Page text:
By Ariella Cohen, The Lens staff writer |
Streets and infrastructure topped the list of budget priorities for Algiers residents who came out Wednesday night for the second of seven public hearings regarding Mayor Mitch Landrieu’s 2012 budget.
“More than a year ago, we were sitting in this exact spot and I told you about streets, street lights, catch basins,” resident Donald Costello said. “You told me people would get back to me. No one got back to me. Am I going to get the same treatment next year?”
It was a question heard repeatedly throughout the two-hour meeting at the Behrman Center: Will the Landrieu administration be able to make the infrastructure improvements it came into office promising?
Yet as the evening wore on, with resident after resident standing up to tell the mayor about daily struggles with pitted streets, failing drainage systems and nonexistent streetlamps, it become obvious that the answer residents wanted to hear wasn’t coming. The bottom line, the mayor said, is that New Orleans will have to remain patient while City Hall figures out how to pay for billions of dollars worth of needed repairs to aging infrastructure
“We have a couple of major infrastructural challenges that we don’t have answer to right now,” he said. Later in the evening, Landrieu equated the experience of residents who came to the meeting seeking salves for their infrastructural ailments with those “going to the doctor and getting bad news.”
He said global financial crises will be felt here.
“What happens in Washington, in China and India, what happens in Greece has an impact on us,” he said. “All of that has a financial consequence… and the likelihood is that we aren’t going to be able to do everything we want to do.”
That message echoed the sober warnings of hard times ahead that dominated his first public budget hearing last week.
But even as the mayor publicly frets about tight times, a spokesman said today that the administration isn’t planning to raise taxes.
“There are always financial decisions the city has to make, especially as the financial pressure comes down from the federal government,” spokesman Ryan Berni said. “We raised millage rates last year, now we have the Tax Fairness Commission looking at what can be done to level the burden.”
“There are no plans to raise the city millage.”
Berni acknowledged that even if Landrieu doesn’t inch up the millage rate, other public taxing entities are likely to take the step. In recent weeks, the Sewerage & Water Board of New Orleans, the Audubon Commission and Orleans Parish School Board have issued public notices of meetings wherein officials will consider raising the millage rate that determines how much taxpayers owe.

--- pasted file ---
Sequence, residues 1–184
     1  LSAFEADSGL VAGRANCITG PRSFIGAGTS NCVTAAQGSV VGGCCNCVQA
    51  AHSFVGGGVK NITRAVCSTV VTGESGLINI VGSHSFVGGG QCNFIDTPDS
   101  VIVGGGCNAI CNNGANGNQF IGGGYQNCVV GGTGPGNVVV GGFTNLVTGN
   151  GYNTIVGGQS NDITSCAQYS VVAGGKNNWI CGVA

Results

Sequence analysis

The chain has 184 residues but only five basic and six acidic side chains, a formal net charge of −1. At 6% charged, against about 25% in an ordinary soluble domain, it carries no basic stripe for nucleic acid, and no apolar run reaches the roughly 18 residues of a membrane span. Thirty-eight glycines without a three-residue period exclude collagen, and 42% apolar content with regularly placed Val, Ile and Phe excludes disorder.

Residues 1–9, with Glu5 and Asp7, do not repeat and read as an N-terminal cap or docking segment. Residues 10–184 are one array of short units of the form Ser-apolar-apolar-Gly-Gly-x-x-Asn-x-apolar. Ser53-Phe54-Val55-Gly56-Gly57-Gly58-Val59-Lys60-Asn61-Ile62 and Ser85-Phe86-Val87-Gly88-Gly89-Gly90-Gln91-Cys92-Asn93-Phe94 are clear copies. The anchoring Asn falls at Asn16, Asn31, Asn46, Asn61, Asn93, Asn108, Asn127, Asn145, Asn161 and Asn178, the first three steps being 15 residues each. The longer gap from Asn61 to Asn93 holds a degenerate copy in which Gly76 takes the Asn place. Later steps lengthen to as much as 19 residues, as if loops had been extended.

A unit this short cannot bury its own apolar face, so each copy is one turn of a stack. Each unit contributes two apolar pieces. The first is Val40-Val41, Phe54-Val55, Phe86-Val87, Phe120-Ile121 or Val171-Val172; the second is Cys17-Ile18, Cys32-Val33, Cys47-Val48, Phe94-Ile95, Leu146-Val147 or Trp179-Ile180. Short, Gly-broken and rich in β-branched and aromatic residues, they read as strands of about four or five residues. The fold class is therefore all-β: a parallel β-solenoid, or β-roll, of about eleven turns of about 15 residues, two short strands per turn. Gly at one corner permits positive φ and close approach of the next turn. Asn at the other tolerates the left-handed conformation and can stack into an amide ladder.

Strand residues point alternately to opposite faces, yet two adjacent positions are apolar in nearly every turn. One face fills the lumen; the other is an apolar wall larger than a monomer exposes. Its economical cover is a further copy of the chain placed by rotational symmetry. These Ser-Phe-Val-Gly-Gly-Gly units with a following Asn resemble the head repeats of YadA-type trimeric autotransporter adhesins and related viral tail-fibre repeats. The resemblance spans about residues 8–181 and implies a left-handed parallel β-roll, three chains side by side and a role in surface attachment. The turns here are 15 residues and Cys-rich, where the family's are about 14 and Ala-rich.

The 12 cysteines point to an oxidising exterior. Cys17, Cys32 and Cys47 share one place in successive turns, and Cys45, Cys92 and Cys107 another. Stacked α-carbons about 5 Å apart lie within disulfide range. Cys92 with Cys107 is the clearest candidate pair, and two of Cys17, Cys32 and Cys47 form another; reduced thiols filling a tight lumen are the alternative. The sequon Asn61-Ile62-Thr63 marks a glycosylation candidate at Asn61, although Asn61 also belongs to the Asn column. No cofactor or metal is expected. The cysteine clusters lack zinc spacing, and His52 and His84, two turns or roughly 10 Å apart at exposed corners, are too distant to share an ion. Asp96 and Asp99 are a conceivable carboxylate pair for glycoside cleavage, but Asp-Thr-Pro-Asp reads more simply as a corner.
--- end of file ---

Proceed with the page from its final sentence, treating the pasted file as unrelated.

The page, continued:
However grim about the city’s immediate financial prospects, Landrieu hinted at a future settlement that would send federal grant money to neighborhoods for repair of smaller streets ineligible for the Federal Highway Administration-funded Submerged Roads Program. That infrastructure program, the largest since Katrina, targets major connecting arteries. It has paid for the remake of Earhart Boulevard and Carrollton Avenue and is funding ongoing work on Magazine Street and South Claiborne Avenue.
“All over the city, we’re turning dirt, but all of you coming in are saying ‘neighborhood streets,’ ” Landrieu said. “The answer is [securing] a bucket-load of money that comes in over a long period of time. We are going to do that.”
The mayor also affirmed his administration’s commitments to bike lanes and the three Mississippi River ferry lines that connect Algiers and Gretna to the east bank.
Crescent City Connection tolls pay for the river ferries, and they are set to expire in 2012, unless renewed by the Louisiana Legislature. If the toll is not renewed, the ferries could be shut down by the state Department of Transportation and Development.
In response to questions from residents fearful of losing their connection to the city’s center, Landrieu reminded the crowd of the state’s ownership of the ferries and urged legislators in the crowd to lobby for their continued support.
With a bungled reference to an old joke about the Lone Ranger, Landrieu lightheartedly reiterated that the state, not the city, had responsibility for the ferries. “What mean “we,” Tonto?” he joked.